11. Automate the connect === Install the software The iSCSI software is already shipped with Netware 6.5, starting with SP3. If you want the latest software please follow these directions: Download the software from the Novell website to your workstation. Extract it, and copy all the extracted .zip and .ncf files to the root of the SYS volume. Issue the next command on the command line:
  • ISCSINST This will copy all the files to the appropriate directories. === Connect to the target server To load the initiator software issue the next command at the command line:
  • ion Note that for unloading the initiator software you can use the ioff command.

To discover and test the connection to the target server issue the next command:

  • iscsinit discover <ip-address> Note that the ip-address mentioned is the ip-address of the target server.

To connect to the target server issue the next command at the command line:

  • iscsinit connect <ip-address> <target_name> Again, the ip-address is the one from the target server. The target_name is the name discovered using the previous command.

Automate the connect

If you want netware to load and connect to the iSCSI target automatically after a reboot you'll have to edit the autoexec.ncf. Add the folllowing lines:

# iSCSI load and connect
iscsinit connect <ip-address> <target_name>

You're now ready to format your iSCSI disks! Note: If you intend to install cluster services, do so after configuring the iSCSI initiator software but before formatting the iSCSI disks.

Implementation initiator software on AIX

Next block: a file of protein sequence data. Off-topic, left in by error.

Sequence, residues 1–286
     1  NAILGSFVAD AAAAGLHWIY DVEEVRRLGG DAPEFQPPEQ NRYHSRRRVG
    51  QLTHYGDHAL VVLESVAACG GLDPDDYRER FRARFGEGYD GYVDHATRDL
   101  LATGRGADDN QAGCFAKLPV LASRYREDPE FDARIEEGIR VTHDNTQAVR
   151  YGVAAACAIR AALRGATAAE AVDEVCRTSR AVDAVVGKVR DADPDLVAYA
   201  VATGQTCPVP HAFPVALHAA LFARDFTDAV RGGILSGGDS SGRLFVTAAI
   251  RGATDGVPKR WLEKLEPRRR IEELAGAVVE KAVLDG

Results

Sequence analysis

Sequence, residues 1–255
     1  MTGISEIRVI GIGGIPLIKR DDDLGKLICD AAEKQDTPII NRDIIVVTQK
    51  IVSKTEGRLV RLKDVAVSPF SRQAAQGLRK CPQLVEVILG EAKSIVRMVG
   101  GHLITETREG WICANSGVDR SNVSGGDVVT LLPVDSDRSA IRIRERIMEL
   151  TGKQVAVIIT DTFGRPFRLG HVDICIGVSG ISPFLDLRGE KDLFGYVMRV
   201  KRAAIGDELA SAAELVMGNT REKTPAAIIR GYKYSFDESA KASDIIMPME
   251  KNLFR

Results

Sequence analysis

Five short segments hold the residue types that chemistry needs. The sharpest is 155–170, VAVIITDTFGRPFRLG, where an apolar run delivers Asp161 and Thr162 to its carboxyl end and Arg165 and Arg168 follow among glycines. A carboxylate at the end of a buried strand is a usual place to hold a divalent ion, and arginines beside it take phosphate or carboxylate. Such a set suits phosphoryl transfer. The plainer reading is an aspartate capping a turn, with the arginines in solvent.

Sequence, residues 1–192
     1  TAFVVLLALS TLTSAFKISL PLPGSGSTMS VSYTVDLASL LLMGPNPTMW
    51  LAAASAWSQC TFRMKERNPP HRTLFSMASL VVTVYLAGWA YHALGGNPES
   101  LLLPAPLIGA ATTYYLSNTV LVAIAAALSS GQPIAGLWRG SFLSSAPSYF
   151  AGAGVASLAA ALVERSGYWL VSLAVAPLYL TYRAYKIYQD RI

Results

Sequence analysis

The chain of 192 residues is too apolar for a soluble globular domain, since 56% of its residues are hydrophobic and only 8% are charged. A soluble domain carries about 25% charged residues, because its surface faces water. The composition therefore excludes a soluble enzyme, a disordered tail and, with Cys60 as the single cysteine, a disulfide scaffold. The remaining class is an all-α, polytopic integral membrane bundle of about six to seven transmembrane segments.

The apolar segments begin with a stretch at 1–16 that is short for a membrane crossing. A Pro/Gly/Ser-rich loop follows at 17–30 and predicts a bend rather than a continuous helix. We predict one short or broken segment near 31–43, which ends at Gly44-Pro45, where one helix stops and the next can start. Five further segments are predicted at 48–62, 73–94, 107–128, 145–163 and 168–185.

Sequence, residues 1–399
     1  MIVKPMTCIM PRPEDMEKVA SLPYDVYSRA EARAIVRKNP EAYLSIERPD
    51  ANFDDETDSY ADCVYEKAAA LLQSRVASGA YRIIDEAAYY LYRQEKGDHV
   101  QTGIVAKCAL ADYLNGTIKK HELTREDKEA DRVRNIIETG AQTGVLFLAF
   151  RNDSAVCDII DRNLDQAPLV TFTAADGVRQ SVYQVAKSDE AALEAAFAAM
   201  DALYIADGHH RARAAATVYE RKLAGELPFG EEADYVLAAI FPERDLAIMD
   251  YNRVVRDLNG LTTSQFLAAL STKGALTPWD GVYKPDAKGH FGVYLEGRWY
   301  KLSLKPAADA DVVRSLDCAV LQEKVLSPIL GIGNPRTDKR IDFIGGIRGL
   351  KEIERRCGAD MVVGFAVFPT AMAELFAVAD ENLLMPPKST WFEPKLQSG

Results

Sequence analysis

The implementation of the initiation software in AIX is covered in two steps:

  1. Install the software
  2. Connect to the target server === Install the software You need to install the software using the software supplied by the iSCSI target supplier. In this case it's Netapp:
  • tar -xf netapp_aix_SAN_kit_1.1.tar
  • cd netapp_aix_SAN_kit_1.1
  • ./install Running the install script choose to install the kit and the iSCSI software. You don't need the FibreChannel software, so don't install it. Reboot the server after the installation. === Connect to the target server To connect to the target server you have to complete these steps:
  1. Configure the network card connected to the SAN
  2. Define the target server
  3. Create iSCSI nodename
  4. Discover the LUNS ==== Configure the network card connected to the SAN In case you have a dedicated network you'll need to configure a dedicated NIC on the server to connect to the SAN. Using smitty go to “Communications Applications and Services”, select “TCPIP” and select “Minimum Configuration & Startup”. In this menu you'll be able to configure your network card. You'll at least need the ip-address and the subnetmask. If the target server is in another subnet or VLAN you'll also need to know the gateway. ==== Define the target server Using vi add the following line to /etc/iscsi/targets: